RV Park Proposed for California Coast City
Developers have received initial approval to turn an eight-acre agricultural site in Half Moon Bay, Calif., into an RV park.
The Half Moon Bay Planning Commission approved rezoning for the plot on Feb. 14, but the request still needs approval from the Half Moon Bay City Council and the California Coastal Commission to become valid. The rezoning would constitute a change to the city’s Local Coastal Program and zoning map, according to the Half Moon Bay Review and Pescadero Pebble.
The RV park would go in next to Cameron’s Restaurant and Inn, located on Highway 1 a mile south of the center of Half Moon Bay. The city is 15 miles south of San Francisco. The project would be a joint endeavor between Cameron Palmer, the owner of Cameron’s, and Nurserymen’s Exchange, the Coastside’s biggest agricultural employer.
The plot was once used to grow flowers and potted plants, but has been idle since 2005, according to an economic viability evaluation from the applicant in the city’s staff report. The report notes that for the last 30 years, growing on the parcel depended on piped in water and utilized relatively poor soils.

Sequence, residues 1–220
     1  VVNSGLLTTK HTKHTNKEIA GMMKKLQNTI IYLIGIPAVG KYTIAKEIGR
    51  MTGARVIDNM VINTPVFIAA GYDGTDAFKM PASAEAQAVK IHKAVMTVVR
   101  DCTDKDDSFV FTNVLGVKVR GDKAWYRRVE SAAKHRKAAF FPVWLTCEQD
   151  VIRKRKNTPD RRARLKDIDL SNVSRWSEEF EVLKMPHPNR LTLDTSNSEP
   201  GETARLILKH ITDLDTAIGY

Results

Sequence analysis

Rezoning, from the A-1 Exclusive Floriculture designation to Commercial Visitor Serving, is the first step toward a campground, said Half Moon Bay Planning Director Steve Flint. Permits for the buildings themselves are a separate proposition, and will follow the same route to the Coastal Commission – if the rezoning is approved.
The initial request specified few details of the RV park other than a sewer line would be built leading to the campground. The Coastal Commission indicated problems with a growth-inducing, larger sewer line, Flint said.
Flint noted that much of the surrounding area was undeveloped due to inadequate sewer capacity. A larger line would open up the potential, leading to concerns about crossing wetlands with access roads, and other issues that new development would present in the sensitive coastal area, he added.
The Coastal Commission asked that the zoning change and plans for new construction on the site be considered separately, said Flint. Studies and plans for the new facility, including the sewer line, are not yet firm, he added.